As the years rolled on, Batman, Bruce Wayne’s Batman that is, became something much bigger than what he was originally intended to be. This wasn’t a bad thing, just a natural progression of the character as he became more popular. Batman’s adventures became bigger, his missions with the JLA became alien or supernatural, and the gritty crime fighter fell by the wayside. With Batman: The Dark Knight #1, the new entry to the Batman titles from writer/artist David Finch, the original idea of Batman is reborn. Since the death of Bruce Wayne and throughout his return, the rebirth of the entire idea of Batman has taken the Dark Knight it all kinds of new directions. In this instance, that new direction is to take a step back.
Dark Knight #1 follows Bruce Wayne as Batman. With Detective Comics and Batman angled towards Dick Grayson and Batman and Robin and Batman Gotham Knights mixing the characters up, Dark Knight is the only title that allows us into the mind of the fully returned Bruce Wayne. This issue centers on Batman looking for a childhood friend, a girl who he knew just before his parents were murdered. The plot may seem thin but it isn’t, it’s the type of adventure Batman has been missing out on. Finch takes that plot and weaves other elements around it to give us a full picture of the new Bruce Wayne. For one thing Bruce is more driven, harder than ever. The battle between Batman and Killer Croc, warped on the drug Venom, is a good indication of that.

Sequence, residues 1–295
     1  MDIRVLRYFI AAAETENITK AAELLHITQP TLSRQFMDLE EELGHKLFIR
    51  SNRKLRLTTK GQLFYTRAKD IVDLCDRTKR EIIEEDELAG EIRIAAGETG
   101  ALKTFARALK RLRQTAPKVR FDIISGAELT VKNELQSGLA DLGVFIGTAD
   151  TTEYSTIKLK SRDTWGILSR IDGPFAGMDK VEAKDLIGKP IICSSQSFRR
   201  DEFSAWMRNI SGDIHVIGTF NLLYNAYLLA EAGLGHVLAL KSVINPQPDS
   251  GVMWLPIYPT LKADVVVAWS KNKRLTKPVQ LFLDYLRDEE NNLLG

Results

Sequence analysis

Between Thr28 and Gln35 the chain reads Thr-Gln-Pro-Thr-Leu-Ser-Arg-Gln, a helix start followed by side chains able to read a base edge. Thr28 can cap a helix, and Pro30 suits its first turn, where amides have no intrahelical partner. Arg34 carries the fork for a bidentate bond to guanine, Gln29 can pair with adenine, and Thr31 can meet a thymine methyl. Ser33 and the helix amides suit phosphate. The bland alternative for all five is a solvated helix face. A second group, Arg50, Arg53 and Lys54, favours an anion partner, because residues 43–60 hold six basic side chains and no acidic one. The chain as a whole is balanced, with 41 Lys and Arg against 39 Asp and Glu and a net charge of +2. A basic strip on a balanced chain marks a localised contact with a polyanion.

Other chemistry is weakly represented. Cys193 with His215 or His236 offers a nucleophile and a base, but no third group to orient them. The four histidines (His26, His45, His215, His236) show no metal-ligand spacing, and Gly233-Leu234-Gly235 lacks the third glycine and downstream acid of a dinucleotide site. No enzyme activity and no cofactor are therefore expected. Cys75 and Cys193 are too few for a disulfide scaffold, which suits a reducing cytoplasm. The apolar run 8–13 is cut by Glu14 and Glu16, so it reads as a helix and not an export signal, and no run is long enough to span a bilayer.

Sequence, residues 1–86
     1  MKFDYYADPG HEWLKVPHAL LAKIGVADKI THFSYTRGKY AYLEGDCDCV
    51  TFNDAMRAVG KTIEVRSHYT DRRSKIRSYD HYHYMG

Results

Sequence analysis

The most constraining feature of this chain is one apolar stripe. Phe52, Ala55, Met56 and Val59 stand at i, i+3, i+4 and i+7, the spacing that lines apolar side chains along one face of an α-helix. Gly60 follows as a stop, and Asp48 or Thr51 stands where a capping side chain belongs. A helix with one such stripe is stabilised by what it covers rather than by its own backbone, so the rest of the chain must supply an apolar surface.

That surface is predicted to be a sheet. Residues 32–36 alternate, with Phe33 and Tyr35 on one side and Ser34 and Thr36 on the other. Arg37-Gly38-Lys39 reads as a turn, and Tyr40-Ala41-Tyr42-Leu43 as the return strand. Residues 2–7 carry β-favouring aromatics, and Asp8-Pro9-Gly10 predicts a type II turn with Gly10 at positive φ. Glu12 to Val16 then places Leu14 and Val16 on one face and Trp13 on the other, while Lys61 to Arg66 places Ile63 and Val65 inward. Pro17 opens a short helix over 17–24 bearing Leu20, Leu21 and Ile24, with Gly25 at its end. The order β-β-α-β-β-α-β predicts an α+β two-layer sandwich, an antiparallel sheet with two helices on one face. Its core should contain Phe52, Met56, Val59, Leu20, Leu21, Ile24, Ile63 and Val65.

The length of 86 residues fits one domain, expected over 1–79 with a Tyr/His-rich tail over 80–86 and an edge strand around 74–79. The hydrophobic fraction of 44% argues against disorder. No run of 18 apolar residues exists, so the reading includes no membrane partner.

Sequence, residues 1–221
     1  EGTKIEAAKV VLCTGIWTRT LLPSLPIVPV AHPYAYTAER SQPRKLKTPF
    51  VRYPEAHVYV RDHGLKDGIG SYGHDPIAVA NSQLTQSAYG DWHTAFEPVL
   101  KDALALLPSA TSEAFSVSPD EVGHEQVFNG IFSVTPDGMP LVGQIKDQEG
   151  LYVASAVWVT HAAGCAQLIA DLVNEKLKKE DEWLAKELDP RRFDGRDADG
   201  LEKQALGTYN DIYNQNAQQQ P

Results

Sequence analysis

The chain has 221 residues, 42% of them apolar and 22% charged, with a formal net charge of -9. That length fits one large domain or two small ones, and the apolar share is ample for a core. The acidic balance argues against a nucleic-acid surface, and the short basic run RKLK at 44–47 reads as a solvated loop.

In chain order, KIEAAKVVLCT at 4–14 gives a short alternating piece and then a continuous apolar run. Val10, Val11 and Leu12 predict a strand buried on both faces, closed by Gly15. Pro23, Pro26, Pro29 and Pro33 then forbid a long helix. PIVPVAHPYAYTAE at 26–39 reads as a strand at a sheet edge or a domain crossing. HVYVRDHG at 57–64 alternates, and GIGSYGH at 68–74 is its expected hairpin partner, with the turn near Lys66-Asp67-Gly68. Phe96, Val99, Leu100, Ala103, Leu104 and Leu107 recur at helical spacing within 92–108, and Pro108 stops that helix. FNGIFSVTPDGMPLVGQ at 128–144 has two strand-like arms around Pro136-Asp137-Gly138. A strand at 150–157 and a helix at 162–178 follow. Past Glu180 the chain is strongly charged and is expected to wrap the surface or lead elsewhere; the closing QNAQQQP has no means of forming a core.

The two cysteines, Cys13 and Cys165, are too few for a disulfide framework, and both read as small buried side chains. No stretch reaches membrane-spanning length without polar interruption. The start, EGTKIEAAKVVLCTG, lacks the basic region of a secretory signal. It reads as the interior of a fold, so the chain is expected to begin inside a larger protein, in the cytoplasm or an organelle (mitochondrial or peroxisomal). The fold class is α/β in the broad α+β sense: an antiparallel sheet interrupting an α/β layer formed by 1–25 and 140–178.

Outside of the action, Finch weaves in the returning notion of Batman as the World’s Greatest Detective. The Dark Knight is following clues here, moving from scene to scene using as much his brain as his brawn. Dark Knight is a slow roll peppered with spikes of action, like any good noir novel or film. There’s also solid dialog going on here, something that isn’t always a given. The running inner monologue from Batman is brooding, while the banter between him and Alfred is light and enjoyable. Fincher is at ease showing the varied sides of Bruce Wayne rather than regulating him to a one-dimensional menacing mope. The final scene, when the Penguin makes himself known, is a stark and gruesome revelation. Finch’s first issue gives Bruce Wayne his own place amongst the Batman Incorporated story arc.
While the writing is wonderful, the art in Dark Knight is breathtaking. Finch is a master with a pencil, crafting each panel with dark perfection. He draws with great confidence, using bold lines to craft backgrounds and bodies, as well as lighter touches for facial expressions. I was particularly impressed by Finch’s use of shadow for the storm Gotham scenes; it gave the whole issue an ominous sense to it. Some of the best work done is wrapped in the smaller details. The facial expressions of Batman tell everything about his mood, and Finch even draws in some subtle new weaponry that you might miss if you don’t read the issue several times. With all of the new and old Batman titles firing on all cylinders, Dark Knight adds another layer to that excellence. I’m hoping that both Dark Knight, and David Finch, sticks alongside Batman for the long haul.